Managing ILD requires a team approach to care—and it starts with diagnosis. Approximately half of the patients who are diagnosed with ILD experience symptoms, while the remaining cases are found accidentally on a scan for another medical problem.

“At Summit Health, we have a built-in team of radiologists, pathologists, rheumatologists, thoracic surgeons, and other specialists to provide seamless multidisciplinary comprehensive care,” says Dr. Peloquin. “We have the expertise to diagnose and treat the various forms of ILD and address the complications of these disorders that can greatly compromise quality of life. At Summit Health, patients have the convenience of receiving top-quality care in one medical system with a well-integrated team.”

Summit Health has several highly trained radiologists who specialize in interpreting CT scans. Some 80 percent of patients can be diagnosed from imaging alone and do not need a biopsy.

The only way to cure ILD is with lung transplantation; this takes time, however, and many patients are not candidates. With the right care and new medications, life expectancy has improved dramatically for patients with ILD over the last decade. Anti-fibrotic therapies, which have become available over the last few years, are medications that can help slow the progression of disease, while supportive services like pulmonary rehabilitation are improving the quality of life.

“The key is to diagnose early, keep up with lung function monitoring, and start treatment when indicated. The treatments currently approved do not reverse fibrosis, but rather slow its progression,” says Aditi Mathur, MD, a pulmonologist at Summit Health.

A team approach to care is particularly critical for patients with ILD caused by underlying autoimmune diseases like rheumatoid arthritis or scleroderma. These patients are often affected in numerous ways including inflammatory arthritis and esophageal dysmotility, a swallowing disorder that can lead to malnutrition. At Summit Health, rheumatologists, gastroenterologists, and pulmonologists all work together to come up with an optimal treatment plan.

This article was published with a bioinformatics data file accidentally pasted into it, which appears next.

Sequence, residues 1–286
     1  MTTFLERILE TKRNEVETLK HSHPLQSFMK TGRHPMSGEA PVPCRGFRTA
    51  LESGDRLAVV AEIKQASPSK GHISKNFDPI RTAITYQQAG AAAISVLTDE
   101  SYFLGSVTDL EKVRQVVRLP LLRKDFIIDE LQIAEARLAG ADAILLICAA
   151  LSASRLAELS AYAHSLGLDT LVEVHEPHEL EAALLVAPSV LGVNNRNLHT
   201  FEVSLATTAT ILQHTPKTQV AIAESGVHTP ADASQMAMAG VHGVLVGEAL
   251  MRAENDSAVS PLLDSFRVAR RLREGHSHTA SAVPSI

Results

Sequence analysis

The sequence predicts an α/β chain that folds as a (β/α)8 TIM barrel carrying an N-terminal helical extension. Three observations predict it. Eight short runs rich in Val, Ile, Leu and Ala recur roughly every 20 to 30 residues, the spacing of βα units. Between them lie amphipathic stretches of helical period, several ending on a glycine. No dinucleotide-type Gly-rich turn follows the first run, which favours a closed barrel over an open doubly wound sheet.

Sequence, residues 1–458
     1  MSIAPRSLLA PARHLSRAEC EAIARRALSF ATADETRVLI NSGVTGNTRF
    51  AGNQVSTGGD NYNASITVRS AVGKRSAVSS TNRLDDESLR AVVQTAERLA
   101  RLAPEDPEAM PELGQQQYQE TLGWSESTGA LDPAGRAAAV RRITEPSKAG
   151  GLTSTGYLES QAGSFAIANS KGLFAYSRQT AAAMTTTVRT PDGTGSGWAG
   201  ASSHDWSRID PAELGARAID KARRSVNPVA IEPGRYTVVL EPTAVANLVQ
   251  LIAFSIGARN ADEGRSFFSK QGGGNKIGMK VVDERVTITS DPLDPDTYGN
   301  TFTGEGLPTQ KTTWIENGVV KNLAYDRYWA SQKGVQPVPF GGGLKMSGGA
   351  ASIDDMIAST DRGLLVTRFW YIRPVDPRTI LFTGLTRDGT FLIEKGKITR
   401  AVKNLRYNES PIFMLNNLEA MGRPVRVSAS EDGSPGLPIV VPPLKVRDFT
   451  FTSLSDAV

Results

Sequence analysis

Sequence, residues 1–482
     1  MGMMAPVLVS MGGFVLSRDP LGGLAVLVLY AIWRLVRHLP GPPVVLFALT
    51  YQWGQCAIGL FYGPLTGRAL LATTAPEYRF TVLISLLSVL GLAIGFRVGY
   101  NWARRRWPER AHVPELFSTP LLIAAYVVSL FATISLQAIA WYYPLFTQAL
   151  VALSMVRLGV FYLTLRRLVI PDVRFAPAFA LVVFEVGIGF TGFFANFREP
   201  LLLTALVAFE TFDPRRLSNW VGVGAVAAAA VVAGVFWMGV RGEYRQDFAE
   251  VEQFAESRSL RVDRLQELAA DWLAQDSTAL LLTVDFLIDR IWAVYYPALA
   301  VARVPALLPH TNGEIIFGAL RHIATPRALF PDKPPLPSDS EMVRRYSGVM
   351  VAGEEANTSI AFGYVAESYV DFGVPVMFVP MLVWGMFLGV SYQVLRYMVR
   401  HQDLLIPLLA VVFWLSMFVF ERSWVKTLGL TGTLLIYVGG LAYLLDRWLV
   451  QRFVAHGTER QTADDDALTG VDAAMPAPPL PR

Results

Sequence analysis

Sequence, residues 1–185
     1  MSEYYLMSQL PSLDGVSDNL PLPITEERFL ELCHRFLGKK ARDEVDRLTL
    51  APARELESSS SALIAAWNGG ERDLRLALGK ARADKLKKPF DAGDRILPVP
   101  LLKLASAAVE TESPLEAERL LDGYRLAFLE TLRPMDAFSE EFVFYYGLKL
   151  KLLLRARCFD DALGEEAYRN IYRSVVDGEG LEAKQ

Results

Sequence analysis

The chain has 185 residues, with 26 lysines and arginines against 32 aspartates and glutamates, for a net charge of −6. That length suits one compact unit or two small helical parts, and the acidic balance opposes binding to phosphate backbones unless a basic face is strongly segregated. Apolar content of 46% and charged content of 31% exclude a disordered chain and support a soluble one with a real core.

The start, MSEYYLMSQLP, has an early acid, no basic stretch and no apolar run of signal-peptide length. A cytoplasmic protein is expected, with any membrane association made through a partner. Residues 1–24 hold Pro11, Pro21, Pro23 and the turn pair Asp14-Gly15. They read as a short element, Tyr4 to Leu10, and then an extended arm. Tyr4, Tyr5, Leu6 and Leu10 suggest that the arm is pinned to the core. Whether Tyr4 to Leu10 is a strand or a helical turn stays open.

“Patients are very happy to have all their care from their internist to their specialists and tests inside the Summit Health family. It is a huge relief not to have this fractured care across multiple institutions,” describes Dr. Wilt. “My team and I are thrilled to be able to provide this type of comprehensive care for them in their backyard.”

Neighborhood Care for Interstitial Lung Disease

Until recently, individuals with ILD had to travel to major academic medical centers for care. Summit Health is one of the few community-based practices that has three leading pulmonologists—Drs. Jessie Wilt, Aditi Mathur, and Grace Peloquin—who specialize in a range of lung conditions including ILD, pulmonary hypertension, and COPD, as well as the long-term follow-up of lung transplant recipients.

Dr. Wilt says local care is not only comforting and convenient, it also improves outcomes. “Patients need to know that their doctor is in their backyard—not across a bridge—and that they have easy access to services whether it be a physician appointment, imaging, or labs. When patients have problems and we are able to intervene early, it prevents hospitalization.”